Home School Legal Defense
Is it against the law to home school your children?
Home schooling is legal in the United States and is legal or tolerated in Canada, Australia, nearly all of Europe, South Africa, Japan, Hong Kong and a few other nations. There are many nations where home schooling is practiced illegally.
Though home schooling is perfectly legal in all 50 US states, the laws that regulate it vary considerably from state to state and have been known to change from year to year. Parents can't simply withdraw their children from school without notifying the proper authorities. In many states, the government must approve of lesson plans and be provided with updates on each child's progress, including the marks they receive on standardized tests.
Home schooling can be a sticky issue when it comes to laws and legalities. We aim to provide readers with general information regarding laws that pertain to home schooling. However, the information found in this section should not be used in place of legal counsel.
The Home school Legal Defense Association (HSLDA) is a not-for-profit organization based in Purcellville, Virginia, a short drive west of Washington, D.C. The HSLDA was established to defend the constitutional right and freedoms of home schooling families. The HSLDA states that it offers legal consultation and representation to all of its members (who pay an annual fee of around $100). However, opponents of the HSLDA point out that there's no guarantee that the association will play any role in its members' home schooling disputes and that it shies away from divorce and custody issues, the most common of disputes. It's worth it to take a close look at the HSLDA, from its foundation to present, and examine the services it offers and the arguments put forth by its opponents.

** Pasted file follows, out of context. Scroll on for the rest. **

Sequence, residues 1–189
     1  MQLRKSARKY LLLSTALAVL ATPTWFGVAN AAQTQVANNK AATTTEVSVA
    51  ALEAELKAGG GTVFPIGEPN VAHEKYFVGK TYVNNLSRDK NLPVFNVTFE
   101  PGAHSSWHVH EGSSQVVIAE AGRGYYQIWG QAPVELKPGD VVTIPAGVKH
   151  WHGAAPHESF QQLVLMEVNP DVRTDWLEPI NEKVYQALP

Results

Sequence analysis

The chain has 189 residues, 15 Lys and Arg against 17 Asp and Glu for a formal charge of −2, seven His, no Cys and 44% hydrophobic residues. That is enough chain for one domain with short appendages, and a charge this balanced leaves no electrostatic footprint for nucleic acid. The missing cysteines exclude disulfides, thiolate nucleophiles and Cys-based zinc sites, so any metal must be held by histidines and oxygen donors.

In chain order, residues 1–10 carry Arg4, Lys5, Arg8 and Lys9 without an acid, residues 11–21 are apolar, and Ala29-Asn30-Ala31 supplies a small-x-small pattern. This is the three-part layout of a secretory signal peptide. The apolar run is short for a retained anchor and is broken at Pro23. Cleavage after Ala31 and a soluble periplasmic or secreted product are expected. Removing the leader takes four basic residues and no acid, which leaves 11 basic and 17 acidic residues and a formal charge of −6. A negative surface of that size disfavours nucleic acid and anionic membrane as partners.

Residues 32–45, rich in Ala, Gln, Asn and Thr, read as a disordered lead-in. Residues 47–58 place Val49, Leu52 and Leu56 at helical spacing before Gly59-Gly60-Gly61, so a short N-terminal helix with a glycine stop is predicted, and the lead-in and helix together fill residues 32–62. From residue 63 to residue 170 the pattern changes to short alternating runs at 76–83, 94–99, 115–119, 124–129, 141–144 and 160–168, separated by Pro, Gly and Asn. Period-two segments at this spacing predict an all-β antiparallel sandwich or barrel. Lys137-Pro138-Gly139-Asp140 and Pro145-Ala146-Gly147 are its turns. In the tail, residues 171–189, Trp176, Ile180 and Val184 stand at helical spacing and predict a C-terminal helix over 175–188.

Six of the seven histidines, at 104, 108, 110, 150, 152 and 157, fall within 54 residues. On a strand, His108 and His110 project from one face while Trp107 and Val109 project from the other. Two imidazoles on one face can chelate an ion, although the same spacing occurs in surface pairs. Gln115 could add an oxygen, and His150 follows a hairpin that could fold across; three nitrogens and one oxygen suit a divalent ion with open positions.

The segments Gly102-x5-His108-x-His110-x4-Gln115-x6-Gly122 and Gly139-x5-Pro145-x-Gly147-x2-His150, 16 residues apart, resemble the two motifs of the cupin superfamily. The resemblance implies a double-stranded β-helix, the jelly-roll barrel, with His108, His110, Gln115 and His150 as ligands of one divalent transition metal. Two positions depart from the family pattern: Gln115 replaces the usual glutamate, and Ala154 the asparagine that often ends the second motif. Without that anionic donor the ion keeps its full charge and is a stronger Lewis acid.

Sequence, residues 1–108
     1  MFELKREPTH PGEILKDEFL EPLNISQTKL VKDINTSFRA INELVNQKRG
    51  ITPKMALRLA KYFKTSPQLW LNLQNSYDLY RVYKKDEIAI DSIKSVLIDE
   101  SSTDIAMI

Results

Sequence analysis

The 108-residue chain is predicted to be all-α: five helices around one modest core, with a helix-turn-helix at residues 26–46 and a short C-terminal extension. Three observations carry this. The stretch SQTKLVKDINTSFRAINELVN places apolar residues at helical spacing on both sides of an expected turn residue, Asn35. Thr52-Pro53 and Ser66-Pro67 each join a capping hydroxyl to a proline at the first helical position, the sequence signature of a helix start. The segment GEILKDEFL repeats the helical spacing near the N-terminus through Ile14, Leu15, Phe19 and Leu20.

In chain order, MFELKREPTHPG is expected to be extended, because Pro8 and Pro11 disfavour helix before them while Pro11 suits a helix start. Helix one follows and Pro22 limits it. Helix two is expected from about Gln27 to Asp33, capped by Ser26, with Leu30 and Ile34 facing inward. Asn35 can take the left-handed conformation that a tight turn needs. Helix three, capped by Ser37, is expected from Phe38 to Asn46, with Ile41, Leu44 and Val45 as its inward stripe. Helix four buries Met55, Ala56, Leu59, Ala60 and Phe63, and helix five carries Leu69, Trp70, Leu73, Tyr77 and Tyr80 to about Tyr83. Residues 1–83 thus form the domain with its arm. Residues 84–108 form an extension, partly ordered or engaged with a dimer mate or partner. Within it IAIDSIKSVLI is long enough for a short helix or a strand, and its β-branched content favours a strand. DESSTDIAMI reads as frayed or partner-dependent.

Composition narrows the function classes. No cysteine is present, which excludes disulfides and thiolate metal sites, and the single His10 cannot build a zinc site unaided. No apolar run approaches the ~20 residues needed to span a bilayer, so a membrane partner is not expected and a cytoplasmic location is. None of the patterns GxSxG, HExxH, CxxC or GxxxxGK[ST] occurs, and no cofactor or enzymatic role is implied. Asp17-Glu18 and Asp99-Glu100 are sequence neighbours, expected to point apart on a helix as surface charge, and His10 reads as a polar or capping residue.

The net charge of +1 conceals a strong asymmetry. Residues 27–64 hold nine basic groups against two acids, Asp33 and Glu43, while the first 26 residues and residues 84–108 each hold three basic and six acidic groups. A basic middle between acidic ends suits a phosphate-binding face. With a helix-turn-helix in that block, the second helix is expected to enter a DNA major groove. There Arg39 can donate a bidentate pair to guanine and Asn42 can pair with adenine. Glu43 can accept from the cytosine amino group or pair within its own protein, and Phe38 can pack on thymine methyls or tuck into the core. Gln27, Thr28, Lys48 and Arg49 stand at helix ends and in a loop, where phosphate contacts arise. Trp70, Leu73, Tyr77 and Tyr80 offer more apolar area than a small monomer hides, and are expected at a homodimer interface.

The right to home school your children is a protected right for all Canadian parents. It's in the Canadian Charter of Rights and Freedoms and it has been upheld in court. Like the state laws in the US, each Canadian province has its own unique laws governing home schooling. As is the case in some states, some provinces require parents to notify the government regarding the progress of their children.
It's a good idea to maintain up-to-date records throughout your child's homeschooling years. You'll need to make sure that everything is in order, should you ever decide to enroll your child in a conventional public or private school.
To begin, find out whether your state has any specific requirements regarding homeschooling records. If your child has previously attended a conventional school, make sure that you contact the school and obtain the records or files that they kept for your child. If your child has never attended school, start a file (a regular file folder will do the trick, but if you want something fancier then you can purchase something from an office supply store). Always store your records in a safe place that will allow you easy access to them.
Keep track of all subjects that your child studies and the level that he or she achieves. Periodically, put this information into his or her file. Some parents choose to do this yearly, while others prefer to do it more frequently. In addition to being required for enrollment in school, careful records can chart your child's progress and ensure that they are meeting the goals you have set for them and for yourself.
In addition to this, keep track of your child's "attendance," meaning any days that he or she was ill and missed "class." Some parents choose to store their child's health and immunization records in this file, as they'll be needed if and when you try to enroll your child in a conventional school.